Pattern to gain abstraction over assembly with no abstraction RRS feed

  • Question

  • I'm interacting with a large code base (in a single assembly) written by another department (let's call it BusinessAssembly). Precious few of the objects we need to use in that assembly use interfaces. As a result, LOTS of our projects need to reference that assembly because there is no abstraction available and tests are difficult to write.

    To further complicate matters, it now looks as though we may need to be able to support multiple versions of the BusinessAssembly and switch between them either at build-time or run-time. E.g. BusinessAssembly2 will add new objects which we'll need to use, but BusinessAssembly1 won't contain those objects.

    My only promising solution so far is to create two separate projects in our solution, one that references BusinessAssembly1 (BusinessProxy1) and another that references BusinessAssembly2 (BusinessProxy2). These projects would contain proxies and decorators around the individual BusinessAssembly objects (e.g. BusinessUserProxy), and those proxies and decorators would implement interfaces (IBusinessUserProxy).

    If I've thought this through correctly, an abstract factory could then provide the requested proxy/decorator object from the correct proxy/decorator project at run-time and our other projects could abandon their references to the giant assembly and simply use the interfaces the various proxies/decorators implement.

    I'm not trying to alter the behaviour of the objects, but another consideration here is that we would like to gain the ability to provide test doubles for the various BusinessAssembly objects, which this approach should provide.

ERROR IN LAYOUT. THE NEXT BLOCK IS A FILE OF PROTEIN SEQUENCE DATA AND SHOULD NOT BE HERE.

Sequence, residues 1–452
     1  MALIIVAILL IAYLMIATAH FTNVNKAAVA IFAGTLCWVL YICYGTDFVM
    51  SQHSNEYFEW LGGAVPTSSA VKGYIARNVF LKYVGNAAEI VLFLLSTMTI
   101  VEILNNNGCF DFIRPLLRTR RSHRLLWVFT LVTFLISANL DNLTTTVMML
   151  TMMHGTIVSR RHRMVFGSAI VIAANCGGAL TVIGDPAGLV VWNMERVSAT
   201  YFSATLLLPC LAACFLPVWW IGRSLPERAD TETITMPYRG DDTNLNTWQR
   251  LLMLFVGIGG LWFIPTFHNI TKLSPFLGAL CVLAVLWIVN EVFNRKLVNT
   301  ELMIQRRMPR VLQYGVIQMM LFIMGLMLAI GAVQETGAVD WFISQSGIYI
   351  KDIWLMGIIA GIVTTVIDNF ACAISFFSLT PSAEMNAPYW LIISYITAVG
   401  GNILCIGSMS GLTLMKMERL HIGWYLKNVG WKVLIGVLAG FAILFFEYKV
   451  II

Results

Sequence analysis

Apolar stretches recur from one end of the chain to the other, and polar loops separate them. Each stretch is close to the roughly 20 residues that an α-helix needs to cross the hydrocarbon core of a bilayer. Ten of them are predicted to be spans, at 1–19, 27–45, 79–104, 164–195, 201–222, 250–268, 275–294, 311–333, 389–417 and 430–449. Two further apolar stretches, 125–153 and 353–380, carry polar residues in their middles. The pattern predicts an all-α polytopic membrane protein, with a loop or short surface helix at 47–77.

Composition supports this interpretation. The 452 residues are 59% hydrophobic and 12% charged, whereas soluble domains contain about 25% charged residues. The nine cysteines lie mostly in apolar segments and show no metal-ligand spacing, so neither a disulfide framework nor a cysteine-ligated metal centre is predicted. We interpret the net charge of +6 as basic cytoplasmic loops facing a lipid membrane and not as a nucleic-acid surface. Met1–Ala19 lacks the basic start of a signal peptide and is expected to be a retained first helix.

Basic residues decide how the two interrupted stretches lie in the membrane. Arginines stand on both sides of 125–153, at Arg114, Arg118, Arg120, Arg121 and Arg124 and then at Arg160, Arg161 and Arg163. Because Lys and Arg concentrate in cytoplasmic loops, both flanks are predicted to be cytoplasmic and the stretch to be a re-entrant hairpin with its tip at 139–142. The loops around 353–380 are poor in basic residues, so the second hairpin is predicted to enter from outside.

However, this approach does come with a considerable amount of development overhead: when BusinessAssembly3 creates ten new objects, we'll need to write proxies and interfaces for each of those.

    My question(s): Is it an acceptable use of proxies to merely provide an interface for an object that otherwise has no interface? Would a different approach avoid the development overhead?

    Also, I'm terribly ill right now so let me know if I'm not being clear or if I didn't actually even type any real words here.

    • Moved by Eyal Solnik Monday, January 19, 2015 4:03 AM Irrelevant to C#
    Tuesday, January 6, 2015 9:01 AM


  • Hi DOAHacker,

    It seems you are always copy and paste questions here, may I ask the reason? I saw the same case here:

    Here is Tory's answer:


    If BusinessAssembly2 contains all of BusinessAssembly1's public members, then you could write one or more Interfaces for that subset of members, which could be used as a constructor parameter in one or more Facade classes, thereby providing Dependency Injection. That would allow you to switch between either version of the underlying business assemblies at either design time or runtime, as needed.

    It would also allow you to build test classes that implement those interfaces, and pass those into your Facade for testing purposes.

    You'd still need to create or extend your Interfaces and Facade classes when BusinessAssembly3 came out. I don't see any way around that, unless using the new classes directly is acceptable.

    If those business assemblies are large, you could save yourself a lot of tedious manual work by building a little code generator that inspected them via Reflection and output Interfaces and Facade classes."

    Can you share your own idea to it?

    Best regards,

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    • Marked as answer by Barry Wang Friday, January 16, 2015 10:35 AM
    Thursday, January 8, 2015 5:03 AM